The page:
The Soviet Union and Soviet bloc involvement with Laos originated as a secondary element in the East-West contest over the communist-led revolution in Vietnam and in the Sino-Soiet rivalry that this contest exacerbated. Even though the Laos subtheater was formally neutralized by the Geneva Agreement of 1962, the superpower involvement in Laos continued in the form of military supplies, advice, and diplomatic and propaganda support to the opposing sides up to the end of the war. The succeeding period of coalition government in Vientiane lasted fewer than two years and left the Soviets not only enjoying the prestige of supporting the winning party--the Marxist-Leninist LPRP, which by then had publicly revealed itself--but also holding the bag of vast economic development needs in a nation losing its most skilled persons across the border to the West. The Soviet Union had helped its friends prevail over the opponents of the revolution, but the Marxist-Leninist model for building up an overwhelmingly agricultural nation was not effective with the complaisant Lao peasantry.
Since 1989 aid from the Soviet Union and its successor states-- which once accounted for more than half the aid to Laos and approximately 1,500 technicians and advisers--has slowly dwindled. The memorial to Soviet efforts in Laos lies in dozens of projects such as bridges, roads, airports, hospitals, and broadcast facilities; in tons of military equipment, including MiG jet fighters and air transports; and in the hundreds of students with a faltering command of the Russian language, some of whom are trained for such jobs as railroad operator or circus clown, for which Laos has no market.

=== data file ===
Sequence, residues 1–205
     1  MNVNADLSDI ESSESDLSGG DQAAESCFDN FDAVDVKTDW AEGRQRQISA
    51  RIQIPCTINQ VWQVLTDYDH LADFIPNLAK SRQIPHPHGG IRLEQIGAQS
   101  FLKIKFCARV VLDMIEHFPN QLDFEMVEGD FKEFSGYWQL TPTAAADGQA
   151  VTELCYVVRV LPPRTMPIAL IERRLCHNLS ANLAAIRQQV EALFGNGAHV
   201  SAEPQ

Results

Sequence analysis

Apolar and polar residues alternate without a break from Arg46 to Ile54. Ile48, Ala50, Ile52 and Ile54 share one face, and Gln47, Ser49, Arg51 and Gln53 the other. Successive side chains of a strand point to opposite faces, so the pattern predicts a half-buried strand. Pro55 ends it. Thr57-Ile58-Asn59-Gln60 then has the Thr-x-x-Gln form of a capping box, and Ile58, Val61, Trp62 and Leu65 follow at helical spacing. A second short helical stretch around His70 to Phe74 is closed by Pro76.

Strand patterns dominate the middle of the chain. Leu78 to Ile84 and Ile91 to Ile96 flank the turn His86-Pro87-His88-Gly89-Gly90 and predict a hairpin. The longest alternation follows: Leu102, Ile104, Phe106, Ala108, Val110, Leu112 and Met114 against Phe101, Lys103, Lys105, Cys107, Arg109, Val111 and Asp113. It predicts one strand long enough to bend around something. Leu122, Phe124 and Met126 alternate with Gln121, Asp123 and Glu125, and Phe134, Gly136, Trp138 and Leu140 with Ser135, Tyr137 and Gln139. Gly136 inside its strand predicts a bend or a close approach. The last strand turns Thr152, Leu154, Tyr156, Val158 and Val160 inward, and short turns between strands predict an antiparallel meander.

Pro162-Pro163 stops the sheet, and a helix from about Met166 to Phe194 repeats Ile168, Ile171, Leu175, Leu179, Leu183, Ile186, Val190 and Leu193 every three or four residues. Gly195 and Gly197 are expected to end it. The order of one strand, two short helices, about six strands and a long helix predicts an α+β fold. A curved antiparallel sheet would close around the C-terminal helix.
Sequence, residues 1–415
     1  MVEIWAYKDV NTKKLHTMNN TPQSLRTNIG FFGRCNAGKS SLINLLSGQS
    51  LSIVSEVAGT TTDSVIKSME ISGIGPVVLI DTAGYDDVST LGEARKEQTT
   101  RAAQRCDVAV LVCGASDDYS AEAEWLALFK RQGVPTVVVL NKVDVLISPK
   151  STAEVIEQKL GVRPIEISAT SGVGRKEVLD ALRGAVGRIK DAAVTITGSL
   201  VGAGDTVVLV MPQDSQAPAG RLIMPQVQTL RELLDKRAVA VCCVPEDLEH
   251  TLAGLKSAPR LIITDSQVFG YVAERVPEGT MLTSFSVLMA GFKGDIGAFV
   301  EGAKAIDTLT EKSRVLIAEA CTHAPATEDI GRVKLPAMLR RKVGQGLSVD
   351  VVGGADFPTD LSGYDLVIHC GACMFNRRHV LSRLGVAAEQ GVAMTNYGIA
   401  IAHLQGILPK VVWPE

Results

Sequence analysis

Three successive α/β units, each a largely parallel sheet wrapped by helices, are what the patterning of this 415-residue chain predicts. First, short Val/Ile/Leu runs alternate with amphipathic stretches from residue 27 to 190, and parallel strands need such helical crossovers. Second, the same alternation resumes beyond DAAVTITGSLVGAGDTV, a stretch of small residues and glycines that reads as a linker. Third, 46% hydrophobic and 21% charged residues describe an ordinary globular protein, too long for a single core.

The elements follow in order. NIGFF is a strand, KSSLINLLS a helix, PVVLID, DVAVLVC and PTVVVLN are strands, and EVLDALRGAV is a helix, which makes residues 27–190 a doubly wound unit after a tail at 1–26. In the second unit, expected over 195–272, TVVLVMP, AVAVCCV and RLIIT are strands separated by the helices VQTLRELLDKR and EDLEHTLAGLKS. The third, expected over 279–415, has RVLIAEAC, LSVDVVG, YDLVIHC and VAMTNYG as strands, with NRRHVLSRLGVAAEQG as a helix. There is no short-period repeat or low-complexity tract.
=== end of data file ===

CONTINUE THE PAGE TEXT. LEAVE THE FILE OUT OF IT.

The Laotian leadership has resolutely sought to take up the slack among its previous bilateral and multilateral donors. By 1990 bilateral external assistance disbursed by Russia was down to 36 percent of the total, from a previous 60 percent; Hungary, the former German Democratic Republic (East Germany), Mongolia, and Vietnam contributed a mere 3.7 per percent. The number of student fellowships--usually 300 per year--decreased dramatically. The downward spiral continued as the Russians shifted their dwindling influence in the region to cooperation with the five permanent members of the UN in settling the war in Cambodia. And, in a further move away from dependence, the coming generation of national leaders felt anxious about obtaining useful education in the West for their children, even if they could still get by with Vietnamese and French.
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